There are some very sweet, sad, and touching moments, but it's all managed without any cloyingly sweet cuteness or overt tugging of heart-strings.

While dreams and hopes feature prominently in the film, a quality, it would seem, engendered in the boys by their now absent father, they're used as a vehicle to push things along, to spur the protagonists into action, rather than to provide any sentimental, feel-good escapism. Familial love, devotion and disruption; childhood dreams, pragmatism and folly; emotional and mental despair, first love... It's all here, but without a soundtrack that cues your tears and with visuals that are beautiful without being overtly distracting.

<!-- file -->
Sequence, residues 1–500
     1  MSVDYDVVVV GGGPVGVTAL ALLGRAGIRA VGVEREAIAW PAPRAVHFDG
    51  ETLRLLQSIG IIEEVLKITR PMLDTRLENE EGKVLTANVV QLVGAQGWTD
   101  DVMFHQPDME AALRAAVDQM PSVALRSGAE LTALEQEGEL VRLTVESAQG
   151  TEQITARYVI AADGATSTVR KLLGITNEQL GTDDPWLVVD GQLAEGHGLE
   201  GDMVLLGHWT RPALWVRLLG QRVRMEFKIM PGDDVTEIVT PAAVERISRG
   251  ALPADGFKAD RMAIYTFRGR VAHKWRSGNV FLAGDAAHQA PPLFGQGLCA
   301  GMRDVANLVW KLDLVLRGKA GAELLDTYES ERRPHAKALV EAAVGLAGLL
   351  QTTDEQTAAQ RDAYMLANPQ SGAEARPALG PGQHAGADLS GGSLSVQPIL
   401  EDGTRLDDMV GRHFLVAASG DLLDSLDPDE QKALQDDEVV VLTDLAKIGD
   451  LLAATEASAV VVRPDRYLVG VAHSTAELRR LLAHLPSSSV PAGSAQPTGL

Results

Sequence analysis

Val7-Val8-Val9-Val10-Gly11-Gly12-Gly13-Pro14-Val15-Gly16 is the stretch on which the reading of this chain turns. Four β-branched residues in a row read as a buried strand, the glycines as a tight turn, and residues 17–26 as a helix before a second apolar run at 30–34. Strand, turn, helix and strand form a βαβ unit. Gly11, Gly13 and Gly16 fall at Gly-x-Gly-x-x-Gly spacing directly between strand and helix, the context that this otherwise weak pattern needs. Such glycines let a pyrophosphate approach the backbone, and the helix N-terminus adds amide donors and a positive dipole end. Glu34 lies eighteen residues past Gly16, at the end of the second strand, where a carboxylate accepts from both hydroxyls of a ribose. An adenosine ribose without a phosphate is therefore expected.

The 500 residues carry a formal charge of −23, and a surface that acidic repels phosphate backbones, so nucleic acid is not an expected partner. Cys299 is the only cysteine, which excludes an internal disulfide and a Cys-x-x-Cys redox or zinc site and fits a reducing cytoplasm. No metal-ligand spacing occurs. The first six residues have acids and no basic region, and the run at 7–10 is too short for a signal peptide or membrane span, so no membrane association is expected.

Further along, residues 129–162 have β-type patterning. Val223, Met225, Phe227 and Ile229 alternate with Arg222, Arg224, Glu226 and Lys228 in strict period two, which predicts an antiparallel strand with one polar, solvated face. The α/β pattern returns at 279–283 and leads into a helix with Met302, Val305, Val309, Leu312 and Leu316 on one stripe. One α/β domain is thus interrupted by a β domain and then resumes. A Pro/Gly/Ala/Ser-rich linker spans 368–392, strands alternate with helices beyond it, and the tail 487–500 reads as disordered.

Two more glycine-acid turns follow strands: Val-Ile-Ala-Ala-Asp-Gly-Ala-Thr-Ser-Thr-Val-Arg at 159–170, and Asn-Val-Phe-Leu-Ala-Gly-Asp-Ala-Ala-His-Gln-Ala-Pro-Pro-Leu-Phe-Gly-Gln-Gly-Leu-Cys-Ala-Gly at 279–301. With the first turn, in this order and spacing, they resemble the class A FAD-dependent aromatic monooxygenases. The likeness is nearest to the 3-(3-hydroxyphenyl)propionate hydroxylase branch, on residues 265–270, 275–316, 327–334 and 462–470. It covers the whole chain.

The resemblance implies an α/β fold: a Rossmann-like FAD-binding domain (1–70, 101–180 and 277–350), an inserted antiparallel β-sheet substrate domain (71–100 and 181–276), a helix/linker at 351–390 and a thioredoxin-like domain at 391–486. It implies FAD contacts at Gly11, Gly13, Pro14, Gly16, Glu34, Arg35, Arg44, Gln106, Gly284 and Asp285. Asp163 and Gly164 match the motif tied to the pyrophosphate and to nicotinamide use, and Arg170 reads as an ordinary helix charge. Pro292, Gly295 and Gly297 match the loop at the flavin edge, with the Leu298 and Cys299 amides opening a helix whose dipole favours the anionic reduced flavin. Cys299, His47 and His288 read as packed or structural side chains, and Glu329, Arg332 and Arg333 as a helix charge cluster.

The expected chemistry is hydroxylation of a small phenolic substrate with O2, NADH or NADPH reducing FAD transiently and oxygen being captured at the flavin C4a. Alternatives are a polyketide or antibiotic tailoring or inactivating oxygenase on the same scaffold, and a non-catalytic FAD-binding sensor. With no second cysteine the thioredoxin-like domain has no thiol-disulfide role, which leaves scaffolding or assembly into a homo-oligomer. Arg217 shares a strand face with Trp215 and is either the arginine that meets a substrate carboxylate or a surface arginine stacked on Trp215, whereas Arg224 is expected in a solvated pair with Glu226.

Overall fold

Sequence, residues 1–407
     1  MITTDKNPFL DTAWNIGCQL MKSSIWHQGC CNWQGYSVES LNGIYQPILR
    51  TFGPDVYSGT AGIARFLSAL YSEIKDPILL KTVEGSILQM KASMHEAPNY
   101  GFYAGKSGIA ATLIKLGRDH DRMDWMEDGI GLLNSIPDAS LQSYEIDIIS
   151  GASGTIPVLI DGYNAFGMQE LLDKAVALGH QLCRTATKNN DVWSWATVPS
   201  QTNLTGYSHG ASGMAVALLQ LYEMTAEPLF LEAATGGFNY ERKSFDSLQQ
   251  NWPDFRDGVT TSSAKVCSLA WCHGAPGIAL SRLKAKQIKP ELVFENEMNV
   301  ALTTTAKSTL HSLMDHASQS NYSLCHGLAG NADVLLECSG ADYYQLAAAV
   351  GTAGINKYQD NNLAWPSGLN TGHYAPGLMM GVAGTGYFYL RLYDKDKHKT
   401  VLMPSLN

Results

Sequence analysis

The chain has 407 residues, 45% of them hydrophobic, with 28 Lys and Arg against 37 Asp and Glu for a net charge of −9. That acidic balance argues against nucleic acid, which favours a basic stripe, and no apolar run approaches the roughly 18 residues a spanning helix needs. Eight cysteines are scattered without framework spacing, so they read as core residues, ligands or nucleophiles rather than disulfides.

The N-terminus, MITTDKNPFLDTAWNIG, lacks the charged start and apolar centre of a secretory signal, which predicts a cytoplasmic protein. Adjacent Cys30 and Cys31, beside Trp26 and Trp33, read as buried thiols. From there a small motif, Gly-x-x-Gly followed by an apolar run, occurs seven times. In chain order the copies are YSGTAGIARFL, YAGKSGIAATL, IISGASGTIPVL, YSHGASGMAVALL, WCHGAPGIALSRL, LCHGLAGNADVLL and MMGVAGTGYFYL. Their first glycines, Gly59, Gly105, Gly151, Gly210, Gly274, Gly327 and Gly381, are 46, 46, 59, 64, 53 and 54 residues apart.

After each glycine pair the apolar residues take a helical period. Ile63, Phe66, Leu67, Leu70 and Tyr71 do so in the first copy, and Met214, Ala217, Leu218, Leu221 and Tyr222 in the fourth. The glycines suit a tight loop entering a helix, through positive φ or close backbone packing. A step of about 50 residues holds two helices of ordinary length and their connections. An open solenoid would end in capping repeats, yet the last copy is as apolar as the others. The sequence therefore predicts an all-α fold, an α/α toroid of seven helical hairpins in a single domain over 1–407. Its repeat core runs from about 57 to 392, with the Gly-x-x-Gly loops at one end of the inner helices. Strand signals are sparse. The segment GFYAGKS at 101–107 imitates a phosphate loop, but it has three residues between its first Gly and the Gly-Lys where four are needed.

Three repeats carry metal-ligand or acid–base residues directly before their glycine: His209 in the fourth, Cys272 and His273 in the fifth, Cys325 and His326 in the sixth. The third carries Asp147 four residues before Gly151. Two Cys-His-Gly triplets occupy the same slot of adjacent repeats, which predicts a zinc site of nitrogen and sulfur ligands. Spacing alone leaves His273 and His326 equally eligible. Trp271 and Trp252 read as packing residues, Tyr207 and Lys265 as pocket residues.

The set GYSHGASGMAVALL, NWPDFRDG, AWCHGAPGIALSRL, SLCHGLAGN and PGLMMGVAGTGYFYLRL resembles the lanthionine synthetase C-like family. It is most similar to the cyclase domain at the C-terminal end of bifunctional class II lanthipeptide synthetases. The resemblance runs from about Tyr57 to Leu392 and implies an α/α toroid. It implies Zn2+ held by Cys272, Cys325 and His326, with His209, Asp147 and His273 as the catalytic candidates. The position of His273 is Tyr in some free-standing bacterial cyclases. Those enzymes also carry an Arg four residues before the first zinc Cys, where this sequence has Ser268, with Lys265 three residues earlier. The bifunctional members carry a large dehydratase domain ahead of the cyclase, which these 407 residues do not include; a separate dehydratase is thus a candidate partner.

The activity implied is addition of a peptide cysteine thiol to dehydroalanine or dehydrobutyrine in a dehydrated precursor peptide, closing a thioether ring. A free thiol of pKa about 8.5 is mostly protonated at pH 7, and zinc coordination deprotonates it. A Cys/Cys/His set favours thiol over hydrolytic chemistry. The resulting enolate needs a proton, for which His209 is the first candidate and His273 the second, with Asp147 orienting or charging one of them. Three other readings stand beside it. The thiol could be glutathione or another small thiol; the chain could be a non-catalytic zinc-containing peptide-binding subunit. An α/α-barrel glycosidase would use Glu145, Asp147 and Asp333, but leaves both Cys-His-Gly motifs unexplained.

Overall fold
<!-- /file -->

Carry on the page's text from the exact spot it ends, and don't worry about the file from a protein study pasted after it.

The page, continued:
I give Abouna two thumbs up! As the film was made in 2002, it's unlikely to be playing in any festivals anywhere near you, so you may need to see if you can find it on DVD or watch out for any retrospectives in your local art-house cinema or TV/cable channel.

The film is on DVD, in several key regions, so wherever you are in the world, you just might be able to find it. US audiences should know that it's available for sale on Amazon. However, it's not for rental on Netflix unfortunately.

And while the film was submitted for nominated consideration, it wasn't shortlisted that year, and didn't receive a nomination for Best Foreign Language Film. It's the only time Chad has ever submitted a film for Oscar consideration.

Strangely enough, Haroun's last work, A Screaming Man, wasn't submitted for consideration last year, despite the wealth of praise and awards it received on the internation cinema circuit. There might be a story there that I'm just not aware of. But research revealed nothing. However, I'll keep digging.

Here's a trailer for Abouna in the meantime:

This article is related to: Mahamat-Saleh Haroun